The third issue is that it doesnt address a very real problem. Every great civilization throughout history has built up economically through, (dare I get controversial?) slavery. Romans, Chinese, Egyptians and Americans have all used some form of slavery. The problem is now, that we have evolved past the want to own people, but not past the need. The southern United States economy declined greatly after the abolition of american slavery. In the west, Illegals were often overlooked because it resolved the problem of, “who’s gunna work these jobs for crap pay that we upper class dont wanna do?’.

    But NOW, all of a sudden it’s an issue? Crime’s out of control? Blame the Mexicans! Need to stir up anger to get the old white guy elected? Blame the Mexicans! It doesnt solve the problem of why we were so lax in letting these people over here in the first place.

    But I guess in politics, it’s not the point of solving problems…. it’s how to get elected. Blame the other guy.

  2. May 2, 2010 6:01 pm

    I don’t see how the 14th amendment has anything to do with this law except to support it and make sure it is applied fairly. The law simply expands the right of a police officer to arrest someone without a warrant to suspected illegal immigration. Currently, if a group of 10 people are standing in a circle and 8 of them are smoking pot, officers may arrest all 10 and later release the non-criminals. Or the non-criminals may be tried and usually innocent people are found to be innocent in our system of justice. But police still have to have probable cause to arrest for illegal immigration. Being brown skinned would not be considered probable cause. This law unties their hands to actually enforce a law that is on the books. Nobody’s rights are being violated, but stupidly some people hang out in the vicinity of crime and suffer the consequences.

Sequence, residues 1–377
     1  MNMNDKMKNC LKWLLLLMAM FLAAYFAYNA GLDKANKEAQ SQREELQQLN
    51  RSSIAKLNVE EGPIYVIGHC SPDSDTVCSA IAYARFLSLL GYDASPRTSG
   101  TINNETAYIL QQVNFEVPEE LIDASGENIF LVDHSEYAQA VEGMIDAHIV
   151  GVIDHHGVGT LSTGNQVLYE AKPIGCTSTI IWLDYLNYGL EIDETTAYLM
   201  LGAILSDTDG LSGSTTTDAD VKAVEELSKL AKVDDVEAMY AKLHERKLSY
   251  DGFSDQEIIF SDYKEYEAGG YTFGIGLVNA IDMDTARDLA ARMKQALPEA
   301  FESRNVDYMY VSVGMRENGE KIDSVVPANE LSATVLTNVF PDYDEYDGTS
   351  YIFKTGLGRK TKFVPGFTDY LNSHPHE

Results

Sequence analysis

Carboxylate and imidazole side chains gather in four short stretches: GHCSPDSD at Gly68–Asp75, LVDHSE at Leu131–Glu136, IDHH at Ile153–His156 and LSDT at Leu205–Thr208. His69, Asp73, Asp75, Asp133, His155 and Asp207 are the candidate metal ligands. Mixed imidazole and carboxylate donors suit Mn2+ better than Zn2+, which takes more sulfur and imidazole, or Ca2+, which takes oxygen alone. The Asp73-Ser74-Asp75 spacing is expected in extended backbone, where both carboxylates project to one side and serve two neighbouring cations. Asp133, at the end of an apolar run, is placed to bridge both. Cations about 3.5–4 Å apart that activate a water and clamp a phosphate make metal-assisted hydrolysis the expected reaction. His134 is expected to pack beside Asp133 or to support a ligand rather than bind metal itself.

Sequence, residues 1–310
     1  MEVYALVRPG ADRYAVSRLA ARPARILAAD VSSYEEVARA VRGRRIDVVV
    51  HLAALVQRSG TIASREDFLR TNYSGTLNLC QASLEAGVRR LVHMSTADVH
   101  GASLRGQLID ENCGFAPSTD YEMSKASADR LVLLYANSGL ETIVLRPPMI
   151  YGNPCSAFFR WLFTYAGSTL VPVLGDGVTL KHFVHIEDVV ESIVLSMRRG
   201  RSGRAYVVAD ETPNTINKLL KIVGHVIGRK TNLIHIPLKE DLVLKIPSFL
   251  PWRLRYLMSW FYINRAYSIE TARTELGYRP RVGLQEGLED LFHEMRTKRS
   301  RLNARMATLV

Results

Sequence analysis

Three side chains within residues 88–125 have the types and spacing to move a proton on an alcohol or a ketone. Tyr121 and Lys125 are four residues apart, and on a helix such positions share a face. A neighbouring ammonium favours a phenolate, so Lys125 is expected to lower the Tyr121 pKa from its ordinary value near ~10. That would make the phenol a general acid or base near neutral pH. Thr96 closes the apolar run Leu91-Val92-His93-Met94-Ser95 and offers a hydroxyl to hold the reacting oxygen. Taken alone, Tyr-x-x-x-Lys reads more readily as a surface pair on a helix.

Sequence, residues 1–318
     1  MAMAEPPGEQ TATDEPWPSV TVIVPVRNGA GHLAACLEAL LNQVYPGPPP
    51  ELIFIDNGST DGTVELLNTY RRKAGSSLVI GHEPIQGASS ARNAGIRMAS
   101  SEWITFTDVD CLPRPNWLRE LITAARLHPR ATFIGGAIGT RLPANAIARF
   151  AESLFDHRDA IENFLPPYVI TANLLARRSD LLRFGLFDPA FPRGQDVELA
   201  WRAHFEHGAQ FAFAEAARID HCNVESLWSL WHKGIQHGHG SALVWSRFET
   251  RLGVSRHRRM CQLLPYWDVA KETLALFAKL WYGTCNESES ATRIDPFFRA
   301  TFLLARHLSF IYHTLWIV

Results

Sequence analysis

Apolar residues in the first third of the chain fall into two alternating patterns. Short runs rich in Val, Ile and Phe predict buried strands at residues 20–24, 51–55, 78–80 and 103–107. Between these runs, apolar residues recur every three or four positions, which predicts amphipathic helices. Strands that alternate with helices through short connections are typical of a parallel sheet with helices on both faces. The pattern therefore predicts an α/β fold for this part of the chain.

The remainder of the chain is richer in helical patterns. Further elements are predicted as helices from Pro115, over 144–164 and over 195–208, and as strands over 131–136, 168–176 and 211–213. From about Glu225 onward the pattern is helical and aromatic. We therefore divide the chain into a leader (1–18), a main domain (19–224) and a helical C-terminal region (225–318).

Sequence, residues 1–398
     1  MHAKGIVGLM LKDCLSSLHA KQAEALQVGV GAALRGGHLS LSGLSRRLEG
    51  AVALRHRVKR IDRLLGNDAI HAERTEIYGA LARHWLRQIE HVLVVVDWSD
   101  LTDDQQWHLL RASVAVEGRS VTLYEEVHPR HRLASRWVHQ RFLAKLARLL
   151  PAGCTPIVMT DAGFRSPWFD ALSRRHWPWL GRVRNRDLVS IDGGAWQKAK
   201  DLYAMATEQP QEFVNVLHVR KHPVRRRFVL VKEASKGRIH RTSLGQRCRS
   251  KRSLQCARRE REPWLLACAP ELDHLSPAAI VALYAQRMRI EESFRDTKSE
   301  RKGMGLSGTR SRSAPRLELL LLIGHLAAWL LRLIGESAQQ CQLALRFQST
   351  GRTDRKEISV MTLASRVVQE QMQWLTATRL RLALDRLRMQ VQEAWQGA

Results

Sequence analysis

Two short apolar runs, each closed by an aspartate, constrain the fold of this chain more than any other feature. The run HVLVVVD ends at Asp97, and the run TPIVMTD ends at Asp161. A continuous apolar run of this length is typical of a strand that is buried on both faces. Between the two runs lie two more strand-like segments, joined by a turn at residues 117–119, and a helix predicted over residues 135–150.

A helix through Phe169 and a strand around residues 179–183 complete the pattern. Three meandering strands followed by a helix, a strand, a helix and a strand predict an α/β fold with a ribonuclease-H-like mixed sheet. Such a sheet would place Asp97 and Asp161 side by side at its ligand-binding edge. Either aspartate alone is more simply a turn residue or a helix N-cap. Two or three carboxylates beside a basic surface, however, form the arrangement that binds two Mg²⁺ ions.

Also, the vast majority of people support immigration, just not sneaking across the border. It is a crime and crime is crime. Period. Truly, the left in this country want to pass an amnesty bill for purely political reasons so they can be the Latino heroes and get their votes. It has nothing to do with compassion. You say it’s about getting elected. You’re right. This is the left’s ultimate power grab.

    As far as labor, the only thing I wish it added was some sort of a criminal penalty for someone who hires an illegal immigrant. That would make it a completely fair bill.

    It is unfortunate that the states feel forced to pass legislation like this because the federal government doesn’t want to make a tough vote on much of anything due to political expediency. However, maybe getting back to states rights isn’t a bad thing.

  3. May 3, 2010 12:01 pm

    “Supporters claim there will be no racial profiling used in the enforcement of the new law. This is also bullshit. Even though the law does state racial profiling is prohibited, in practice it will happen. It’s inevitable. The Arizona State Police are going to check the day laborers standing outside of Home Depot, farm laborers and street vendors that can’t speak english. Immigration law would be impossible to enforce without exactly that sort of profiling.”